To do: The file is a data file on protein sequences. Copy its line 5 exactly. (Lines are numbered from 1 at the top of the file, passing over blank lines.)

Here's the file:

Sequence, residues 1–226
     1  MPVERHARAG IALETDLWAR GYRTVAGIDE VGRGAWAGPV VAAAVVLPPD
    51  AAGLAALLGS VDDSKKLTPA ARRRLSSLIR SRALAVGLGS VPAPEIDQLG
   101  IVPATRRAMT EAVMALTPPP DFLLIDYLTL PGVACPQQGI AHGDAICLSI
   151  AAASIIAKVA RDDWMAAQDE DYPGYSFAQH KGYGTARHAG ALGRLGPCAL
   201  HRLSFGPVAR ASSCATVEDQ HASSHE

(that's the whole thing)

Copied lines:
   151  AAASIIAKVA RDDWMAAQDE DYPGYSFAQH KGYGTARHAG ALGRLGPCAL